This week, Project Syndicate catches up with Richard N. Haass, President of the Council on Foreign Relations and author of A World in Disarray: American Foreign Policy and the Crisis of the Old Order.
Project Syndicate: The US and China are shaking the fragile foundations of stability in Taiwan, which you warn threatens to do more harm than good. But is instability always bad? Mass protests against a proposed law to allow people in Hong Kong to be extradited to mainland China have destabilized the city, but they worked, forcing the authorities to withdraw the bill. Of course, the broader question remains: how can Hong Kong’s people defend the “one country, two systems” arrangement without risking a devastating escalation?
Richard Haass: Instability can be good or bad, depending on what you are moving away from, what you are moving toward, and what the process of getting from one to the other entails. Clearly, the people of Hong Kong believe that they are losing their autonomy, and fear further encroachments by mainland China. But protesters’ demands could be more than the mainland is prepared to countenance. This could cause China’s government to respond in a way that leaves the people of Hong Kong with even less freedom and autonomy.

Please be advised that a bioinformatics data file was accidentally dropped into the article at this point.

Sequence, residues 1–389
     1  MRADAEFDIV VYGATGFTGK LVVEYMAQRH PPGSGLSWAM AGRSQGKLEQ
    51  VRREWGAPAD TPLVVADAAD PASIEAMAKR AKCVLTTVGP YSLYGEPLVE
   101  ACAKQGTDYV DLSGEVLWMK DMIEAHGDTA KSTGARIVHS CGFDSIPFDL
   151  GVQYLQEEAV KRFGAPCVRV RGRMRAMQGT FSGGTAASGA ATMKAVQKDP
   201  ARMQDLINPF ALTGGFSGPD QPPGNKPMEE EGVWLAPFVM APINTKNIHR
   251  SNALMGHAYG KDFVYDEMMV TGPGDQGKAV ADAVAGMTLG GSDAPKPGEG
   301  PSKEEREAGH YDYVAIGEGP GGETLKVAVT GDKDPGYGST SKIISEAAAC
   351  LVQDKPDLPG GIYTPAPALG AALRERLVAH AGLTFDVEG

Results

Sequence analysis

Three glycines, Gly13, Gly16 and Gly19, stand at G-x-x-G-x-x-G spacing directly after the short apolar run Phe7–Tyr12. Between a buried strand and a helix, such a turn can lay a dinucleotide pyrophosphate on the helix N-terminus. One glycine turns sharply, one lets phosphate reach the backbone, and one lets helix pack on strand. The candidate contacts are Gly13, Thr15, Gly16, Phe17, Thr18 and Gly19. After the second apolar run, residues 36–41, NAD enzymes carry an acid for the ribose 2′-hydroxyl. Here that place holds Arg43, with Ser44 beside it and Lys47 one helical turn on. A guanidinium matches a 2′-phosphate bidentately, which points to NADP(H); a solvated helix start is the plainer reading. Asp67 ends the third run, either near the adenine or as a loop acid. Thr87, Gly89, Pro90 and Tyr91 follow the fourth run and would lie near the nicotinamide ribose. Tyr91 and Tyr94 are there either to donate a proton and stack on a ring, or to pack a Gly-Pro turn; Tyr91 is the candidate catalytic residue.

The irony is that many in China’s government see what is happening in Hong Kong as a threat to political stability on the mainland. But it also could be argued that long-term stability on the mainland requires a degree of political reform.
We ask all our Say More contributors to tell our readers about a few books that have impressed them recently. Here are Haass's picks:
by Hedley Bull
My favorite book on international relations.
by Richard Neustadt and Ernest May
The best book for would-be policymakers.
by Patrick Radden Keefe
The book I am currently reading – deep local knowledge, and certainly worthy of a recommendation.
From the PS Archive
Last year, Haass warned that America’s decision to abandon the global system that it helped to build, and then to preserve for more than seven decades, will lead to a world that is less free, less prosperous, and less peaceful for Americans and others alike. Read his commentary Liberal World Order, R.I.P.
Two years before Donald Trump became US president, Haass cautioned that the reason we recognize the post-Cold War period of American preeminence, increased prosperity, and widespread peace as a distinct era is that it is already over. Read his commentary The Era of Disorder.
Around the web
Haass weighs in on the Trump administration’s ongoing trade negotiations with China and Mexico, and highlights the broader overuse of tariffs and sanctions in American foreign policy. Watch the video here.
In an hour-long interview, Haass considers a wide range of pressing issues, including Iran, Venezuela, Israel, North Korea, and, of course, Trump’s trade war. Listen to the podcast here.
Even the best-managed global order “eventually, inevitably” comes to an end. But acknowledging that, Haass argues, does not make it any easier to predict the timing and manner of its end – or what will come in its wake. Read the full article here.